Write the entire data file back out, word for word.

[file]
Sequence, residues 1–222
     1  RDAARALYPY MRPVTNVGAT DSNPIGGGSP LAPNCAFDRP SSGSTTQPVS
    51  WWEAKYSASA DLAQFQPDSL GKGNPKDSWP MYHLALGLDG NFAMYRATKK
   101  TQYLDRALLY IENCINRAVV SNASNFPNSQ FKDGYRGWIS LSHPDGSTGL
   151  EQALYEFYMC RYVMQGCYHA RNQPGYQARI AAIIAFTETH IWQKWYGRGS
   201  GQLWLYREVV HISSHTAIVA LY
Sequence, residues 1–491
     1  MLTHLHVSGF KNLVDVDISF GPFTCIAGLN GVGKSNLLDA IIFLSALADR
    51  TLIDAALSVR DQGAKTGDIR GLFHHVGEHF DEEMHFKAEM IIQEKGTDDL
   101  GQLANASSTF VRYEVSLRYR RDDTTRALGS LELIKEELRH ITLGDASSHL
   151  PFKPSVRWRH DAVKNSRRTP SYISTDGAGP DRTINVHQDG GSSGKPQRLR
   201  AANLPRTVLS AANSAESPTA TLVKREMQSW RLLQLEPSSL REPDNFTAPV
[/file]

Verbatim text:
Sequence, residues 1–222
     1  RDAARALYPY MRPVTNVGAT DSNPIGGGSP LAPNCAFDRP SSGSTTQPVS
    51  WWEAKYSASA DLAQFQPDSL GKGNPKDSWP MYHLALGLDG NFAMYRATKK
   101  TQYLDRALLY IENCINRAVV SNASNFPNSQ FKDGYRGWIS LSHPDGSTGL
   151  EQALYEFYMC RYVMQGCYHA RNQPGYQARI AAIIAFTETH IWQKWYGRGS
   201  GQLWLYREVV HISSHTAIVA LY
Sequence, residues 1–491
     1  MLTHLHVSGF KNLVDVDISF GPFTCIAGLN GVGKSNLLDA IIFLSALADR
    51  TLIDAALSVR DQGAKTGDIR GLFHHVGEHF DEEMHFKAEM IIQEKGTDDL
   101  GQLANASSTF VRYEVSLRYR RDDTTRALGS LELIKEELRH ITLGDASSHL
   151  PFKPSVRWRH DAVKNSRRTP SYISTDGAGP DRTINVHQDG GSSGKPQRLR
   201  AANLPRTVLS AANSAESPTA TLVKREMQSW RLLQLEPSSL REPDNFTAPV